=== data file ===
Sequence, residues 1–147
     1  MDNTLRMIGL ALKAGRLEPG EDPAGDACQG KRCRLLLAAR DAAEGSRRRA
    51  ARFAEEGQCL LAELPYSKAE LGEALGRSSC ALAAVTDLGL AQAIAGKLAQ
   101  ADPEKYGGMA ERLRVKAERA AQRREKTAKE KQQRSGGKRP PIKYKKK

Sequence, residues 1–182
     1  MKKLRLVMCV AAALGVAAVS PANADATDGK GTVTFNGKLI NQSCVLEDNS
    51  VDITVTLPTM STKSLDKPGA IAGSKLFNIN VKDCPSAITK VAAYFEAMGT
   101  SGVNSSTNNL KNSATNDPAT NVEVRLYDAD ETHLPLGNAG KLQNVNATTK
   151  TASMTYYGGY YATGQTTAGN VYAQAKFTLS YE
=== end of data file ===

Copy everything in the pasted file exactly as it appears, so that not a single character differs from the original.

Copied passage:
Sequence, residues 1–147
     1  MDNTLRMIGL ALKAGRLEPG EDPAGDACQG KRCRLLLAAR DAAEGSRRRA
    51  ARFAEEGQCL LAELPYSKAE LGEALGRSSC ALAAVTDLGL AQAIAGKLAQ
   101  ADPEKYGGMA ERLRVKAERA AQRREKTAKE KQQRSGGKRP PIKYKKK

Sequence, residues 1–182
     1  MKKLRLVMCV AAALGVAAVS PANADATDGK GTVTFNGKLI NQSCVLEDNS
    51  VDITVTLPTM STKSLDKPGA IAGSKLFNIN VKDCPSAITK VAAYFEAMGT
   101  SGVNSSTNNL KNSATNDPAT NVEVRLYDAD ETHLPLGNAG KLQNVNATTK
   151  TASMTYYGGY YATGQTTAGN VYAQAKFTLS YE